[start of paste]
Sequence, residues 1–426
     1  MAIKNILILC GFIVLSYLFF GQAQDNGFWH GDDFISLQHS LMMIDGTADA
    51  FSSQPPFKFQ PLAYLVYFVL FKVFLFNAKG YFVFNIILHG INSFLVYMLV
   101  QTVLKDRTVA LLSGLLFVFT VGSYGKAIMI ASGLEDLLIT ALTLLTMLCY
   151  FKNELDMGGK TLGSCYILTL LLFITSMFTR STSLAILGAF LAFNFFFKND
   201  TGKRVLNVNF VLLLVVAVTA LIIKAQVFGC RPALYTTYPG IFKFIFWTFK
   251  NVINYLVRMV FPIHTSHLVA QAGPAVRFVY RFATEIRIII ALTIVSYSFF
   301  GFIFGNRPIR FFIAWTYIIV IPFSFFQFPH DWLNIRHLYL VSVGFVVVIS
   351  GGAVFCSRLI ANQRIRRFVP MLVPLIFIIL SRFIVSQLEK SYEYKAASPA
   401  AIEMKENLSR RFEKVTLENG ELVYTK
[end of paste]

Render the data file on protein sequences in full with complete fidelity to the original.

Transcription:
Sequence, residues 1–426
     1  MAIKNILILC GFIVLSYLFF GQAQDNGFWH GDDFISLQHS LMMIDGTADA
    51  FSSQPPFKFQ PLAYLVYFVL FKVFLFNAKG YFVFNIILHG INSFLVYMLV
   101  QTVLKDRTVA LLSGLLFVFT VGSYGKAIMI ASGLEDLLIT ALTLLTMLCY
   151  FKNELDMGGK TLGSCYILTL LLFITSMFTR STSLAILGAF LAFNFFFKND
   201  TGKRVLNVNF VLLLVVAVTA LIIKAQVFGC RPALYTTYPG IFKFIFWTFK
   251  NVINYLVRMV FPIHTSHLVA QAGPAVRFVY RFATEIRIII ALTIVSYSFF
   301  GFIFGNRPIR FFIAWTYIIV IPFSFFQFPH DWLNIRHLYL VSVGFVVVIS
   351  GGAVFCSRLI ANQRIRRFVP MLVPLIFIIL SRFIVSQLEK SYEYKAASPA
   401  AIEMKENLSR RFEKVTLENG ELVYTK